If killing 2 people, and then trying again a couple of weeks later isn't enough then what exactly do you have to do in this country to get a lifetime driving ban?

posted by Kestevan [26 posts]
1st September 2014 - 15:58

7 Likes

balmybaldwin wrote:
"It is clear that his remorse is genuine and profound. He is overwhelmed by the enormity of what he has done," Sellick said, adding that it was unlikely Palmer would ever drive professionally again.

So remorseful he did it again within a matter of weeks

Why is this not a lifetime driving ban?

I agree but I don't think the judge gave him any points for remorse. The words you quote were from his defence. The Judge layed into him big style. That sentence is about as tough as it could be in accordance with the guidelines without risking appeal.
http://sentencingcouncil.judiciary.gov.uk/docs/web_causing_death_by_driv...

It's a Level 1 so the most serious category. The range of sentence available is 7 -14 years. The starting point for that is 8 years. There were one additional aggravating factors over and above the level 1 definition. ie Multiple deaths.

The thing to remember is that this was a guilty plea. It looks a trial date was already set so his sentence was reduced by 25%. So that indicates that he actually received a 12years and 9 months sentence.

With only 1 aggravating factor from the list I can see, that indicates that the judge gave him no credit for remorse.

He will not be driving anything at all for at least 15 years. Not long enough I agree. However he will have to take an extended driving test to get a licence after that. Assuming he passes and it's not a foregone conclusion (people like this get a very sceptical test) The question as to whether he has had any points on his licence will emerge. His insurance is likely to be unaffordable for a 40 year ex-con.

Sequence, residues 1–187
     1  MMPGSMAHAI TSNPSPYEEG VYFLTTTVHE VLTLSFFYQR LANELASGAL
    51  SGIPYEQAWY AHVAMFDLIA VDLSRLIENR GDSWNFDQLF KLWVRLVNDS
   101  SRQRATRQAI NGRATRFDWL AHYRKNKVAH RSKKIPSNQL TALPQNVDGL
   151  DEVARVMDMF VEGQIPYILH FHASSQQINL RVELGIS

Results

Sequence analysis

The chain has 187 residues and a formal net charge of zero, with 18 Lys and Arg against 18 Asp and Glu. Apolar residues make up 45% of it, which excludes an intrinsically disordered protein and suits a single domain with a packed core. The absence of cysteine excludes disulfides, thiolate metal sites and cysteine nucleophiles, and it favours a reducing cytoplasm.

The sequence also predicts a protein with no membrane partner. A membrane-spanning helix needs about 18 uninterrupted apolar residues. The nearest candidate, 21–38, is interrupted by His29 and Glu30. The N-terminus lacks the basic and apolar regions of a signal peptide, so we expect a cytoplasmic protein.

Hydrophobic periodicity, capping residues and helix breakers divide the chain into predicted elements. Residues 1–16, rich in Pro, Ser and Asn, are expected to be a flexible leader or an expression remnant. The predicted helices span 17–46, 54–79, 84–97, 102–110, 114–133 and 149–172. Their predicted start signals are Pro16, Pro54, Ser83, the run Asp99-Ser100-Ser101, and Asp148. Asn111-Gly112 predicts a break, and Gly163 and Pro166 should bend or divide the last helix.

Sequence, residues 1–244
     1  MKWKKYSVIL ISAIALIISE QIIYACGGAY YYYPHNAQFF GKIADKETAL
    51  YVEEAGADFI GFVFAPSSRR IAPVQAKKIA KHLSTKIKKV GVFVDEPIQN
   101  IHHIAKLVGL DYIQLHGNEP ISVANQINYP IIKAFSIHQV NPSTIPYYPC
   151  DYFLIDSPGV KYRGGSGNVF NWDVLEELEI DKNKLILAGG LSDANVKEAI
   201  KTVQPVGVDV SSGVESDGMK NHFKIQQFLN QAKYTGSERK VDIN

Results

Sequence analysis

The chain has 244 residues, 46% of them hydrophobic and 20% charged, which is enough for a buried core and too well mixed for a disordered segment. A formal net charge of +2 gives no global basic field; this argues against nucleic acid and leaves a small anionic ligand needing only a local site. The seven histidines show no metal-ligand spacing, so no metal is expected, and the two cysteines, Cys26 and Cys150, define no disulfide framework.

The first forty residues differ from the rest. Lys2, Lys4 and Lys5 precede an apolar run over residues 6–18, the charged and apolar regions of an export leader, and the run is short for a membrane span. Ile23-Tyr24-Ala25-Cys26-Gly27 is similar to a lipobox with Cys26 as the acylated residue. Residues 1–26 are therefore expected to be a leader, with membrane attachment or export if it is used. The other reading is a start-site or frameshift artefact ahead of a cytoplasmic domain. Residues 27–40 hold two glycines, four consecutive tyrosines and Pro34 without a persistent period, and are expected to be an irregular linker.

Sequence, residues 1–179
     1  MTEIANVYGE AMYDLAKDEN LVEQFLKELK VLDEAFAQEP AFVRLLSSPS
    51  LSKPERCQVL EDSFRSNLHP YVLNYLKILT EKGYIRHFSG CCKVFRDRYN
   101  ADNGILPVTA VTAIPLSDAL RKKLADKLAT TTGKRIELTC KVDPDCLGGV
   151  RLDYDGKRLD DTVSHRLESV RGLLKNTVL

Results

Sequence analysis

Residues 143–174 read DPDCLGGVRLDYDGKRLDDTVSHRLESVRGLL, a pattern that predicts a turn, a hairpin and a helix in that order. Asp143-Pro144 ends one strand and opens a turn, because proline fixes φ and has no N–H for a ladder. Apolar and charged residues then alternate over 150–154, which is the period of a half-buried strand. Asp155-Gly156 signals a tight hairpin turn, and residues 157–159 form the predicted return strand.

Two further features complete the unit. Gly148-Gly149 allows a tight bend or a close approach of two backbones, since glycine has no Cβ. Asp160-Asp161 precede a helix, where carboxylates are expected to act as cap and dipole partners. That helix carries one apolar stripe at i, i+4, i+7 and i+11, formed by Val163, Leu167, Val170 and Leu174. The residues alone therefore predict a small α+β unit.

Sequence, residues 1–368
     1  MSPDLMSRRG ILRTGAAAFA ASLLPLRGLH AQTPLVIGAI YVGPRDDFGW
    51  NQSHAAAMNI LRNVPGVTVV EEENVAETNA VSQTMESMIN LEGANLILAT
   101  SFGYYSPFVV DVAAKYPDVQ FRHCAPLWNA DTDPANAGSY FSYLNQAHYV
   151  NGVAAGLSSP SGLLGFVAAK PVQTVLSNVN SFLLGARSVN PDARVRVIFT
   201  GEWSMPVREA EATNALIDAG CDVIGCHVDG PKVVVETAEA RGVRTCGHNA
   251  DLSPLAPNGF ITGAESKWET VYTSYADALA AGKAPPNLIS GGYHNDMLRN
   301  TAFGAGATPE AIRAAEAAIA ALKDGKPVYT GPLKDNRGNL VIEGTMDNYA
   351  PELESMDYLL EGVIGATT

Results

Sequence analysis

It's not tough enough for my liking but given the guilty plea, this judge gave him as big a slap as was legally available to him.

Cycling is like a church - many attend, but few understand.

posted by oozaveared [629 posts]
1st September 2014 - 16:09

13 Likes

Kestevan wrote:
".....unlikely Palmer would ever drive professionally again."

Unlikely?
Unlikely...... WTF?

This complete fuck-muppet should never, ever, ever be allowed behind the wheel of anything ever again.

If killing 2 people, and then trying again a couple of weeks later isn't enough then what exactly do you have to do in this country to get a lifetime driving ban?

There is no such sentence as a lifetime ban. You could have a Public Protection order imposed but that would have to pass muster legally and its reserved for criminally insane people.

Think about what a lifetime ban means in terms of equity for the same offence. For a 17 year old it's going to around 60 years. For this guy it would be about 45 years, for a 75 year old it's not even a real punishment.

then you have to consider whether the impact is equitable. If you make a living as a driver the impact of any ban is far more serious on you than if say you are well off and can afford a chauffeur.

I happen to think that sentences are not severe enough, particularly for the careless driving offences which don't cause death but easily could have. I would gladly increase this chap's sentence were it legal and I would support a change in the law to make it legally available.

The elephant in the room is not that available sentences are too lenient. 14 years is a pretty hard core sentence in this country. It's that day in and day out dangerous drivers are being charged with far more minor offences and that the roads are not very well policed. There is routine dangerous driving and just plain bad and careless driving is so ubiquitous that people don't even bat an eyelid anymore.

The odd lifetime ban is not going to change that.

Cycling is like a church - many attend, but few understand.

posted by oozaveared [629 posts]
1st September 2014 - 16:35

2 Likes

oozaveared wrote:

Think about what a lifetime ban means in terms of equity for the same offence. For a 17 year old it's going to around 60 years. For this guy it would be about 45 years, for a 75 year old it's not even a real punishment.

then you have to consider whether the impact is equitable. If you make a living as a driver the impact of any ban is far more serious on you than if say you are well off and can afford a chauffeur........